We Need Change at Interior, Not More of the Same
President-elect Barack Obama’s Cabinet is taking shape, and about half of the top jobs have now been filled. The positions likely to come next, such as Secretary of Agriculture and Secretary of the Interior, will have the most direct impact on animal welfare. And there’s talk that Interior and other environmental posts may be announced this week.
Some new names have emerged since I first wrote about the Interior appointment several weeks ago, and the two frontrunners now appear to be Congressmen Raúl Grijalva (D-Ariz.) and Mike Thompson (D-Calif.). Obama faces a choice between a new direction that would place conservation above corporate interests, and a pick that would look very much like past selections at the Department of the Interior.
The possibility of Grijalva as Interior Secretary has been enthusiastically endorsed by Latino groups, Native American leaders, progressive organizations, scientists, and environmentalists who have admired his work as chairman of the House Subcommittee on National Parks, Forests and Public Lands. As John Nichols wrote in The Nation, Grijalva “has been a genuine activist in that position, challenging giveaways to agribusiness and big ranchers who have taking advantage of ridiculously cheap grazing permits on federal lands in the west and exploring the role that oil and gas development on federal property has played in the decline of hunting habitats in the west.”
In turning around a failing agency, Grijalva would not only have the experience but would also have a blueprint for doing so. He recently outlined numerous problems in a 23-page report on the Bush Administration’s assault on our national parks, forests, and public lands—ranging from weakening air quality and carrying loaded guns in parks, to the slaughter of Yellowstone buffalo and the mismanagement of wild horses and burros. Roberto Lovato notes that a Grijalva appointment would “foster change and hope with regard to both the stewardship of federal land and the management of relations with Indian nations” and would “bring urgency and much-needed balance to these important government functions.”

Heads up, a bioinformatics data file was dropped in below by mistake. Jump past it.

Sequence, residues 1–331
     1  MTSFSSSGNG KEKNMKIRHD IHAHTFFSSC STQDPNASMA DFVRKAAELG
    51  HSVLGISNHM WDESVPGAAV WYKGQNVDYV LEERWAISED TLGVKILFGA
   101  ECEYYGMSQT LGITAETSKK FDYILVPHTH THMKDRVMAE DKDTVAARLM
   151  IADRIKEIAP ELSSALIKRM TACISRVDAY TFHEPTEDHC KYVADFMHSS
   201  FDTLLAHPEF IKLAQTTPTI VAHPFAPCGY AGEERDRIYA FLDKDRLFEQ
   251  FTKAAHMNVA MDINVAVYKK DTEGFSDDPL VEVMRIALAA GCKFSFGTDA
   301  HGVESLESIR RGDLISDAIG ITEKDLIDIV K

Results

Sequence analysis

On animal protection issues, Grijalva has been a vocal champion in his subcommittee and on the House floor. He is the lead author with Congressman John Campbell (R-Calif.) of the Bear Protection Act, which would crack down on the illegal poaching of bears by stopping the trade in bear bile and gall bladders on the black market. He has scored a perfect 100 percent on every issue of the Humane Scorecard since he has been elected to Congress, and has sided with animal protection on every measure that had relevance to the Interior Department, such as the import of sport-hunted polar bear trophies, the commercial sale and slaughter of wild horses and burros, the slaughter of buffalo in Yellowstone National Park, and bear baiting on federal lands.
Thompson has often supported animal protection bills, such as those to stop horse slaughter and strengthen the law against animal fighting, but he has departed from us on all issues having to do with sport hunting. In fact, having served as both co-chair and vice-chair of the Congressional Sportsmen’s Caucus, it is his close association with the hunting lobby that seems to be the primary reason his hat is in the ring. Frankly, that’s the old criterion for selecting the Interior Department leader. In the past, if you fished and hunted, and saw the world the way the NRA and Safari Club do, then you met the threshold test for securing the appointment. But we are talking about an agency that manages more than 500 million acres of public lands, enforces the Endangered Species Act, and has a major role to play in protecting biodiversity. At a time when wildlife watchers outnumber hunters in the U.S. by six-to-one, and contribute twice as much to the economy, we must get beyond this very narrow field of vision if we are to confront the major environmental and public lands challenges of the 21st century.